Canadians send nearly 10 million text messages an hour — or 227 million per day — on their cellphones. The Canadian Wireless Telecommunications Association wants pedestrians to pay attention when texting, and does not want people driving and texting.
"What we see with cellphones and texting is that it's a growing phenomenon," said Bernard Lord, president of the association, which collects statistics on texting and cellphone use.
"You're putting yourself in danger and you're putting everybody else in danger when you're driving."
While Lord doesn't put walking and texting on the same level as texting behind the wheel, he said people need to be aware of their surroundings.
"With the walking situation, you're less likely to put other people in danger, but you could put yourself in danger. Take a look where you are. Make sure you don't cross at an intersection and get hit."
Despite hands-free driving legislation in some provinces, texting while driving is still a troublesome habit for some.
For Steve, texting and driving involves mostly dealing with work and it's a daily part of his commute. He said he tries to keep his answers to mostly "Yes," or "No" or "I will be there soon."
"Sometimes you've just got to get things done right away," said Steve, who didn't want his real name used because of his job.
He does make his in-car phone calls hands-free, but doesn't apologize for not keeping his fingers off his smartphone's keyboard while driving.
"You drive and you see people eating hamburgers, you see people putting on makeup, you see people reading, you see people shaving," he said.
"I don't think it's as dangerous as they make it out to be unless you're getting into big, long exchanges."
Provinces, including Newfoundland and Labrador, Ontario, Quebec, Manitoba, Saskatchewan and Alberta, British Columbia have hands-free or distracted driving laws.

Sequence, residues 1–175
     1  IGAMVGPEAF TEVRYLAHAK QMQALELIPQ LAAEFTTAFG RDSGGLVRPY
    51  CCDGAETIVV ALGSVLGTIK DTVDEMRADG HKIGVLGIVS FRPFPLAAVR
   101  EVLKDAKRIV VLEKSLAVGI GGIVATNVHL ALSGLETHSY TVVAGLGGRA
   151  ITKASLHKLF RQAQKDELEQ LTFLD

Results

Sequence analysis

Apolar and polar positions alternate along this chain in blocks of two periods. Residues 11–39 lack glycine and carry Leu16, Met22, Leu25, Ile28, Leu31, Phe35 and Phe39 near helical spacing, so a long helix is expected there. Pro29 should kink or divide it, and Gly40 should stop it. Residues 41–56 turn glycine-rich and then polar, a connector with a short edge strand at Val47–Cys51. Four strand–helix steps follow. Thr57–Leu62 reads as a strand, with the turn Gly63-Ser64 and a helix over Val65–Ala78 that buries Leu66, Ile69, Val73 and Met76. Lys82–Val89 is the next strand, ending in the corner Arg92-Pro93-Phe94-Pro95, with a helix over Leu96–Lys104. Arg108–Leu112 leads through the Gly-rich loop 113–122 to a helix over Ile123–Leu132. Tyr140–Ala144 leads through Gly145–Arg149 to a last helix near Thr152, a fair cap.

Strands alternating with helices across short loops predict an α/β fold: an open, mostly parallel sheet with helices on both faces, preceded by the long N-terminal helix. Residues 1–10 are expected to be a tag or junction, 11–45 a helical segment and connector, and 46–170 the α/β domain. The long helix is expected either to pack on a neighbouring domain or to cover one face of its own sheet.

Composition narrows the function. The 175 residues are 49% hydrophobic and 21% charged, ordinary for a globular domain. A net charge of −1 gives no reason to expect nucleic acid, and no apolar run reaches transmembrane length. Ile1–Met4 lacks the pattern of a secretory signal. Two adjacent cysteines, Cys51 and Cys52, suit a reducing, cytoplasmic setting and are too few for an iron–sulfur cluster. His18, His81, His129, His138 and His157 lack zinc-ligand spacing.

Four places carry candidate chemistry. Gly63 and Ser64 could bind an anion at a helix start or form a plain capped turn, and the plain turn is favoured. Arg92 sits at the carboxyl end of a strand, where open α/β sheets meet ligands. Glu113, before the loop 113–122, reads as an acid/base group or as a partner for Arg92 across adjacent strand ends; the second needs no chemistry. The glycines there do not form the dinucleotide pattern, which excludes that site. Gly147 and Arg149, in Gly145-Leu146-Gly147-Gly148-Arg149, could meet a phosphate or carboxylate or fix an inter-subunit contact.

In Saskatchewan, the fine for driving and using a cellphone is $280 and four demerit points under the province's Safe Driver Recognition and Driver Improvement program.
Manitoba Public Insurance said a recent study shows drivers who are texting spend nearly five seconds looking at their cellphones — enough time at typical highway speeds to cover more than the length of a football field.
In Manitoba, if you get caught talking on a hand-held device or texting while driving, you can be hit with a fine of $199.80.
Despite the fines, there have been plenty of texting accidents, and even deaths, making headlines.
A Quebec woman died in January when her car slammed into the back of a tractor-trailer truck as it merged with traffic near Victoriaville, Que. She had been sending her boyfriend text messages. Her boyfriend wrote on Facebook that the police investigation showed the use of a cellphone while driving caused the accident.
Lord said it's possible the brevity of text messages make cellphone users think it's OK to do while driving.
"My father taught me that when you're driving a car, you're not doing anything else."Suggest a correction